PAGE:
Category Archives: Napanee

So you think you want to be a fishing guide? eh!

It has now been over 3 years and now into my 4th, since I made the decision to become a full time fishing guide in the Quinte region. Truth be told when I had made this decision I really had no idea what I was in for, and probably still don’t. each year has been a crazy learning curve. I am writing this blog because of the amount of people that have said to me that he/she, either would like to be, or maybe knows someone  that they think would make an amazing fishing guide. So I’m going to put into perspective what being a guide is really like and what to expect.

Being a fishing guide can be one of the best jobs in the world its true, but it does not come easy and without blood, sweat, and tears, oh and unless you have a tonne of money in the bank, then be prepared to be financially strapped for years to come. If you love fishing, then do not become a guide. Over the past 4 years and over 400 days spent on the water, I think I can count on 1 hand how many times I have actually gone fishing, TRUE FISHING, meaning where I get to go out and enjoy the act of fishing for myself and not worry about other peoples comfort levels while on the water.

Guiding is one of the hardest industry’s I have ever been involved in, but it sure beats flipping burgers, or a busy city commute, or cutting lawns. If I had thought about it, I would have started guiding a lot earlier, maybe when I was in high school or shortly there after. The key is to begin laying the foundation at an early age by working hard to become the best fisherman you can be, by learning everything you can about fishing tactics,  techniques, and by studying the biology and behavior of the species that you want to fish for. This is difficult to narrow down at an early age I know, In fact I’m not sure I really know if I have found the right species for me yet and I’m almost 40.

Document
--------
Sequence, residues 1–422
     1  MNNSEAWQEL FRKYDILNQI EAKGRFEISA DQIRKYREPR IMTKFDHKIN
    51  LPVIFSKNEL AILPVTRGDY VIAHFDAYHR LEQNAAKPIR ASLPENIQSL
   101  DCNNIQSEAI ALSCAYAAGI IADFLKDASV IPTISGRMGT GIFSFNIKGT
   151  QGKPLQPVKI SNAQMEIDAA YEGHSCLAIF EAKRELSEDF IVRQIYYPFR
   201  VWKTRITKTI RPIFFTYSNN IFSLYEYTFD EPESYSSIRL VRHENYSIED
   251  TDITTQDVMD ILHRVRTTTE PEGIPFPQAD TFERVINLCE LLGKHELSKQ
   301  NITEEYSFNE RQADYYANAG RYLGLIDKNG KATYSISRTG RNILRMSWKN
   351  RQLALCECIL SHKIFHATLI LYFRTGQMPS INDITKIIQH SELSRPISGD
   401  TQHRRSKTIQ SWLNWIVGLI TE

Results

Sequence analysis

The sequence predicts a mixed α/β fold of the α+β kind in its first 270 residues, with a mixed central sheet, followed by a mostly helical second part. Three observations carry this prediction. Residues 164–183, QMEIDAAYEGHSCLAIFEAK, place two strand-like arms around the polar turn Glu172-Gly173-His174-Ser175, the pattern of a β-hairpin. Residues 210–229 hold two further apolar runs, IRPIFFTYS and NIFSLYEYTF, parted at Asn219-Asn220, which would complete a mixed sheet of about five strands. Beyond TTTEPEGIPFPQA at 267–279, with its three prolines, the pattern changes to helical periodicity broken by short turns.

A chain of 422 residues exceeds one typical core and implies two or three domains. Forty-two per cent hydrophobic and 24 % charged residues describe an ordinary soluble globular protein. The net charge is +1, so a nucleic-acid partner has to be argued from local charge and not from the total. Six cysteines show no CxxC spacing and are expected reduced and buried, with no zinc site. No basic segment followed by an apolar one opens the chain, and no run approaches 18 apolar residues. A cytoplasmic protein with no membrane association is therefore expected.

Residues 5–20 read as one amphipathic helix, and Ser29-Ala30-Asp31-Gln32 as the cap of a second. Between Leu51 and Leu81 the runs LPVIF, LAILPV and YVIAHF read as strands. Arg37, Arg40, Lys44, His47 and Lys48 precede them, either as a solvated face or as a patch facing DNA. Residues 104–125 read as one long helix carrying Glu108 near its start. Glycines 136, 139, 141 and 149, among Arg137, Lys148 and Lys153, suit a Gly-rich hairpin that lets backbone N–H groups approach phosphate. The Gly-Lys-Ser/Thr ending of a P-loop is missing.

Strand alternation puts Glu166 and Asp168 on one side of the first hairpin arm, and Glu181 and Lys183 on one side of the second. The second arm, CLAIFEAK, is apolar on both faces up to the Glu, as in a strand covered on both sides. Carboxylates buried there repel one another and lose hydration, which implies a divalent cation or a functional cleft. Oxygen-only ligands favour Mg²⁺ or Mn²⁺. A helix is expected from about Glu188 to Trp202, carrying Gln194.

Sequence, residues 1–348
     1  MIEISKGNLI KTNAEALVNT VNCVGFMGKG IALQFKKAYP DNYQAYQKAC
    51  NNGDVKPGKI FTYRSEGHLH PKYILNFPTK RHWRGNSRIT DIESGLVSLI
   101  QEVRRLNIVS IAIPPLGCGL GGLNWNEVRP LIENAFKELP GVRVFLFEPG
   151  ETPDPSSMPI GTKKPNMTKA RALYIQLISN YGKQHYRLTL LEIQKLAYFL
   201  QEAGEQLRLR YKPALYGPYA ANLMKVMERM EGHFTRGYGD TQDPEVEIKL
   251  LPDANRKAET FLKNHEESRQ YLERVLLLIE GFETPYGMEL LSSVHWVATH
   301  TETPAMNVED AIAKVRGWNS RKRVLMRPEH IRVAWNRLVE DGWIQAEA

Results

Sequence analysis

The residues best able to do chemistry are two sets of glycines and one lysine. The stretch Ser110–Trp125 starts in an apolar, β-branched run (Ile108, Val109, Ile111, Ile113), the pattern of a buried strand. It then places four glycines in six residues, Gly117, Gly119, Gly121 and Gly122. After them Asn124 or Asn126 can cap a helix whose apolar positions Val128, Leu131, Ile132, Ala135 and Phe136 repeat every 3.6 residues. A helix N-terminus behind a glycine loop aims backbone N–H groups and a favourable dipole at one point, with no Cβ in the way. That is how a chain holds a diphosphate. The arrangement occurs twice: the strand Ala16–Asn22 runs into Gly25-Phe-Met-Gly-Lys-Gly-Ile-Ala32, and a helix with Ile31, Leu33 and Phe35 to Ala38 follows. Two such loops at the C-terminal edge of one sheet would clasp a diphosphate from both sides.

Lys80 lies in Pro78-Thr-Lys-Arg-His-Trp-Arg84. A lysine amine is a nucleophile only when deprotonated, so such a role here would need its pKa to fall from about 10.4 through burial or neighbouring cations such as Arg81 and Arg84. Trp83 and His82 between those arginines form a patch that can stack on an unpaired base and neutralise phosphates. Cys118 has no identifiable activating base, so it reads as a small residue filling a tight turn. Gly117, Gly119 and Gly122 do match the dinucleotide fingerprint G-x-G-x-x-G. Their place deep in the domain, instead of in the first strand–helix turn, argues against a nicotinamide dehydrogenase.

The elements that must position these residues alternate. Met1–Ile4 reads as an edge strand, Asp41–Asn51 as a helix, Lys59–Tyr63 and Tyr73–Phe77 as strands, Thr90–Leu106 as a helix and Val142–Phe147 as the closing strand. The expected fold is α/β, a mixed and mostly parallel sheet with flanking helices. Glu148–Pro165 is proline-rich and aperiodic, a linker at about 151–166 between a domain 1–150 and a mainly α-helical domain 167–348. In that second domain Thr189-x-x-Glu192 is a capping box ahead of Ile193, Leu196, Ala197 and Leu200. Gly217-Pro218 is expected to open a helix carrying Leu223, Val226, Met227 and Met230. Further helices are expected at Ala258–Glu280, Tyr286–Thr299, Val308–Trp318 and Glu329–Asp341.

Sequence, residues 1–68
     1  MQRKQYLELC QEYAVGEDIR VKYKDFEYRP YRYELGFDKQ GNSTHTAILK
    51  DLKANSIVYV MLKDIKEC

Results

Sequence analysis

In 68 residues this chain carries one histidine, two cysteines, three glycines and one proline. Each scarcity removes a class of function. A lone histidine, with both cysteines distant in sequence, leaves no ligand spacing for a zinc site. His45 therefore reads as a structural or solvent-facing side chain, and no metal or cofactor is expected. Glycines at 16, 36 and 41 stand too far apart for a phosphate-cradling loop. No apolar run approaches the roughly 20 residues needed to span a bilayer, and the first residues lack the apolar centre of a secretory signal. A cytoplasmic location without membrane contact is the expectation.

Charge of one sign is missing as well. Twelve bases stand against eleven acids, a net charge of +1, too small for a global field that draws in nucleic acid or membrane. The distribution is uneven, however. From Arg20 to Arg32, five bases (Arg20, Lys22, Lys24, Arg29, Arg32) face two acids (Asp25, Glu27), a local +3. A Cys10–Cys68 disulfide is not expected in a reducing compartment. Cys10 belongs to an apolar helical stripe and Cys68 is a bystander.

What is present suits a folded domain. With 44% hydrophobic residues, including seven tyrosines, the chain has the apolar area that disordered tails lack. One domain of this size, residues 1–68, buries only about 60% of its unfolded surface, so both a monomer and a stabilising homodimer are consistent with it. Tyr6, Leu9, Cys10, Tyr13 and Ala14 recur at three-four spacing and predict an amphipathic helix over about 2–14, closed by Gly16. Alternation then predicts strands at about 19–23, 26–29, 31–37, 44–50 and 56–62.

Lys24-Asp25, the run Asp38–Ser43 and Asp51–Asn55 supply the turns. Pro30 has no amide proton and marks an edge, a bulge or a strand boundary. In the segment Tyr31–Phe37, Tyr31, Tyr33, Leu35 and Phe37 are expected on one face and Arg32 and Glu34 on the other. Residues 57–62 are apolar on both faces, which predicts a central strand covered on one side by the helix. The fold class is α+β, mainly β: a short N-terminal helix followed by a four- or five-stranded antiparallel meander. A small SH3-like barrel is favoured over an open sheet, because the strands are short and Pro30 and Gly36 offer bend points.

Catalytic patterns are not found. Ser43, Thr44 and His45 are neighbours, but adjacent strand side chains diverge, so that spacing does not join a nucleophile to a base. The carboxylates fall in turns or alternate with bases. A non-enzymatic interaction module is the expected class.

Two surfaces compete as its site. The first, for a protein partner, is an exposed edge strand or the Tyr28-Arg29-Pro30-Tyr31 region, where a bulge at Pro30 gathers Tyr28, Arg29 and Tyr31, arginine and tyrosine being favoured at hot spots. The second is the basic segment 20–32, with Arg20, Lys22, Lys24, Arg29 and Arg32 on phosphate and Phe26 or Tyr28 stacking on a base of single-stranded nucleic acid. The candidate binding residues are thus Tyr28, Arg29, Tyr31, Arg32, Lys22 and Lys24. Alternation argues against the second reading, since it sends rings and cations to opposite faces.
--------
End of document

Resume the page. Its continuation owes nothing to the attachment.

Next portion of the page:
Now for the part I say to people that think they want to become a guide LOL. Most people that want to get into guiding, fail to realize that “guiding” does not mean “fishing”.I have a buddy who has a son, he takes his son fishing all the time, and because I am a guide, he always say’s to me when I ask him what he’s doing for the weekend? he reply’s that he will be “guiding” his son on the bay for the weekend. Im not sure if he says this to get under my skin, or if he does it because he is trying to relate to me with what I do for a living but either way it definitely gets to me when he calls himself a guide, and over the years now has even hurt our friendship a bit. In my mind you have to earn that title.

When you take a paying customer out on the water, you are expected to be an instructor, a cheerleader, a helping hand, a butler, a maid, a cook, have incredible customer service skills, and in some cases be a babysitter. The worst case scenario requires you to choose a lure, tie the correct knots, teach the clients how to use the equipment, show the client where the fish are, choose the correct speed, and steer the boat, and then stand there and watch while the client proceeds to do everything wrong after a fish bites, usually the client, after loosing the fish due to too much slack in the line looks at you and blames you for not teaching him the correct way. You then have to nod and bow your head as if it were your fault and try all over again.

Before all of this goes on, you are required by law to take separate courses that allow you to take paying clientele on your vessel plus hold the proper insurances all of which are extremely costly, and all before you have any clientele or income into the business to help recoup your costs.

Now that you have done all that and you are trying to find any way possible to advertise your business for free because you have just spent your life savings, your wife’s life savings, the down payment you had for a house,  begged, borrowed, and stolen tens of thousands to get a suitable boat and equipment to accommodate strangers, oops I meant clients to go fishing you are all set right? NOPE WRONG.

This is the most difficult part of being a successful guide. Earning the respect of your peers. This is possibly the most important portion of becoming a successful guide. Just because you can put a few fish in your boat does not make you a good guide. If you do not have the respect of the other guides in the area that you fish in you will not last long.